The people who lost more weight in these free-living studies were eating fewer calories — they just didn’t know it.

Low-Carb Diets Make People Lose More Water Weight

There are several controlled studies that have found people eating low-carb diets lost more weight than those on high-carb diets.126-129 Unfortunately, these studies have other problems.

While the people on low-carb diets lost more weight, they didn’t lose more fat — they lost water weight.128,130

When you eat carbs, they’re largely converted into muscle glycogen — the storage form of carbohydrate. Every gram of glycogen is bound to about 3-4 grams of water.131,132

When you switch to a low-carb diet, your glycogen levels drop, and you lose water weight.133-136 Low-carb diets also tend to deplete electrolyte levels which can also have a diuretic (water depleting) effect.

Several of the studies that found low-carb diets helped people lose more weight only measured total body weight. They didn’t measure body composition, so there’s no way to know whether they lost fat, water, or muscle.

Other studies have measured or controlled for changes in water weight and have found no difference in fat loss.

Granted, it’s fun to see big changes in scale weight when you slash carbs, but those aren’t necessarily big changes in fat loss.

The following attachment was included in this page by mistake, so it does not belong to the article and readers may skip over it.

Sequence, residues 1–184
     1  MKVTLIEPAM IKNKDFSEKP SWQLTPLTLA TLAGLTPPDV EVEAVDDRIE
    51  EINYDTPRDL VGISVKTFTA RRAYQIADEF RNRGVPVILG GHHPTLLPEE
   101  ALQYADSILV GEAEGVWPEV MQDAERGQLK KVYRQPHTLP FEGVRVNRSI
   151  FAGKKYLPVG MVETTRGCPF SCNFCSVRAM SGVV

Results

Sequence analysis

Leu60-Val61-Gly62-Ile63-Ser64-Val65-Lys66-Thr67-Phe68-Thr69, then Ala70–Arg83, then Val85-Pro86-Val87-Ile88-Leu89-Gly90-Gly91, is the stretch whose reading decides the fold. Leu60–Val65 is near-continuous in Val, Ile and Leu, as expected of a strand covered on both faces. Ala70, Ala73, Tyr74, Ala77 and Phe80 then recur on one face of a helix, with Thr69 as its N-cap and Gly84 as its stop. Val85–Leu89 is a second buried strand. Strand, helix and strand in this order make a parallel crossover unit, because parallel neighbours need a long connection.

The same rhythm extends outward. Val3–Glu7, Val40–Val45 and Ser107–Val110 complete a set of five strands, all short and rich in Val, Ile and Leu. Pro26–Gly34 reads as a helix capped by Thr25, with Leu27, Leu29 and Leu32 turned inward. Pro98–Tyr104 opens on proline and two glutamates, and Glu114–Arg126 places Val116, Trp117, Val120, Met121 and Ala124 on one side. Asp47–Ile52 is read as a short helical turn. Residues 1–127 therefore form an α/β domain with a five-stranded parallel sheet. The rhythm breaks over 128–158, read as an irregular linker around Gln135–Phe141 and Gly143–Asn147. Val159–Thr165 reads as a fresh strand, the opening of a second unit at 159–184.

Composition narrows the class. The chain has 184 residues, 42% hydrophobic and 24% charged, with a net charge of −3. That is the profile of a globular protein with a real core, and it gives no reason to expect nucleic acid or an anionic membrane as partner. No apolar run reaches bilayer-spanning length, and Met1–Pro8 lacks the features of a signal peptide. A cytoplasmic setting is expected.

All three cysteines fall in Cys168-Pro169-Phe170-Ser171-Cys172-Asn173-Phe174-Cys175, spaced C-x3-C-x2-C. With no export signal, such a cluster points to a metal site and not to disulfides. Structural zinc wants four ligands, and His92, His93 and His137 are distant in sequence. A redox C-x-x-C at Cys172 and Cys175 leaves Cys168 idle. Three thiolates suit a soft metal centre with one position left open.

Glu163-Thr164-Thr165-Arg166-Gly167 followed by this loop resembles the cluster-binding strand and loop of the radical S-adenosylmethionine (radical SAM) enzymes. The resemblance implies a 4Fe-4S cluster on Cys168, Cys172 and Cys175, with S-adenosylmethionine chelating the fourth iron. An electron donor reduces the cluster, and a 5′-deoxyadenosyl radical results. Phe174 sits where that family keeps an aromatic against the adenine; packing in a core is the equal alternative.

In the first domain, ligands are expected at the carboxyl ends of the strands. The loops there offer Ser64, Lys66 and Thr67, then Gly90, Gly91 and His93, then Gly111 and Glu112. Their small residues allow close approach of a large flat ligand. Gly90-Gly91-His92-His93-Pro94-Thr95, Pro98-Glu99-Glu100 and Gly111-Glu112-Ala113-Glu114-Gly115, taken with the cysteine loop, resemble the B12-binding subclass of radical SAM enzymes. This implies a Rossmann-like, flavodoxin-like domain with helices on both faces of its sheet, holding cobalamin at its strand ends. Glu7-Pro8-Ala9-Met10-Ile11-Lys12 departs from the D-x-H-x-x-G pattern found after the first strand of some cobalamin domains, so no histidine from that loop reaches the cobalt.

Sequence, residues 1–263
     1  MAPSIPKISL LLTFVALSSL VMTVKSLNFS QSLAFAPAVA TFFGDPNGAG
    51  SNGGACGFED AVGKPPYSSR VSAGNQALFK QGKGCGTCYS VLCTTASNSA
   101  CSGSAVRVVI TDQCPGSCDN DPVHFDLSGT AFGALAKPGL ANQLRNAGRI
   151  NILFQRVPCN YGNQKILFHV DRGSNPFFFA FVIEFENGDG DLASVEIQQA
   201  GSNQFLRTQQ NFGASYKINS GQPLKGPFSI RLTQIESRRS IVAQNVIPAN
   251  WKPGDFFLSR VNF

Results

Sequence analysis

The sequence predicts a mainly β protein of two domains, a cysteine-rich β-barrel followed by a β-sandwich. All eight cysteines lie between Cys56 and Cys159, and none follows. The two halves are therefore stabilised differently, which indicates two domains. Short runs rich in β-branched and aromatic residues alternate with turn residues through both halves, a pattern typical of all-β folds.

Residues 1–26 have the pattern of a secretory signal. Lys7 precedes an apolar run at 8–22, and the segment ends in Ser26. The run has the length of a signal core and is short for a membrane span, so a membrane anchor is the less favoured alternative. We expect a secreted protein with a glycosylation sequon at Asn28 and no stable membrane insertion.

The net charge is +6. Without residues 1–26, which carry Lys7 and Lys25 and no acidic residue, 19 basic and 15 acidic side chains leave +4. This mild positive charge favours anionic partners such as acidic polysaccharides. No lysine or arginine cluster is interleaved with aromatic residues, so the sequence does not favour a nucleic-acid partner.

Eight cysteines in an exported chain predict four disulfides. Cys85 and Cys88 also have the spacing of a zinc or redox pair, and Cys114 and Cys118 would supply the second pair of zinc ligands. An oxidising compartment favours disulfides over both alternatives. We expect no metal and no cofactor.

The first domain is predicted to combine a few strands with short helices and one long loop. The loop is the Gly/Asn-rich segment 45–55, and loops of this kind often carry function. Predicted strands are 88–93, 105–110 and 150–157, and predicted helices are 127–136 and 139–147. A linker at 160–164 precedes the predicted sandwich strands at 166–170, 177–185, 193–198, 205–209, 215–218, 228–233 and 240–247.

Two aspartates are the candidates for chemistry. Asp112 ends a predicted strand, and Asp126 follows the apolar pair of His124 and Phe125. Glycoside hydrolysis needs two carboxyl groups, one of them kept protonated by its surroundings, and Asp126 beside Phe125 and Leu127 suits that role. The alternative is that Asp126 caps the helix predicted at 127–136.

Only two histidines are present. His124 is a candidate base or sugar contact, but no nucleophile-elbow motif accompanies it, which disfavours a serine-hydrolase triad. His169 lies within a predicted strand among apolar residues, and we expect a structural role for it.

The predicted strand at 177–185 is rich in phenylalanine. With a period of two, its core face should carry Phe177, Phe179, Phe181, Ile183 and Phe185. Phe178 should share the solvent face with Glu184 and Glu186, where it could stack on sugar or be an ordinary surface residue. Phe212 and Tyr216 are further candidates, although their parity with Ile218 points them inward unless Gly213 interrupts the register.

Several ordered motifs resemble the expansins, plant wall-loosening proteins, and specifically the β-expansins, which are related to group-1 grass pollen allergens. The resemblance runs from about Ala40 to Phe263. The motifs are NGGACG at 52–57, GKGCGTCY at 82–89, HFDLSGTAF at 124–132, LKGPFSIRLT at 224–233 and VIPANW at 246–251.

You Are Not a Rodent

Rodents also only lose weight when they’re in a caloric deficit, but there is at least one rodent study that found a ketogenic diet (generally less than 100 grams of carbs per day in humans) increased metabolic rate and weight loss more than a high-carb diet.137

However, there are several reasons these results are far less important than they appear at first sight.

First of all, there are other studies showing that rats overfed on a ketogenic diet still gain significant amounts of fat — more so than on high-carb diets.138 In another mouse study where a ketogenic diet also increased energy expenditure and prevented weight gain, it still caused insulin resistance.139

Other studies have also found that rats placed on a low-carb diet don’t lose weight unless they also eat fewer calories.140

However, none of these animal studies show how a specific diet will help you lose weight. Rats are not humans, and studies on rats, mice, and other animals can never be completely generalized to people.

Rodents have several different physiological traits that may make it easier for them to gain fat on high-carb diets.141-143 They convert carbohydrate to fat (a process called “de novo lipogenesis”) about 10 times more efficiently than humans do.144,145 This is true for other animals like pigs as well.146 Rodents also process protein and fat differently.147,148

It’s fine to make educated guesses based on rodent studies of how something might work in humans. However, those results have to be validated by controlled human studies before you can call them anything more than “interesting.”

If we later find that the same diet that caused fat loss in rats didn’t work for humans, and this holds true for multiple studies, then it doesn’t work for humans — period. That’s exactly what we’ve found with low-carb diets and weight loss.

How to lose weight is one of the most thoroughly researched questions in the past 100 years, and at this point we have enough good human trials to stop worrying about rat studies. Not that they don’t have some value, but they don’t meet the same standard of evidence that human studies do.

Calories Count

Now you know why calories count.

Using rigorously controlled studies, we’ve found that:

1. When people are in a caloric deficit, they always lose weight.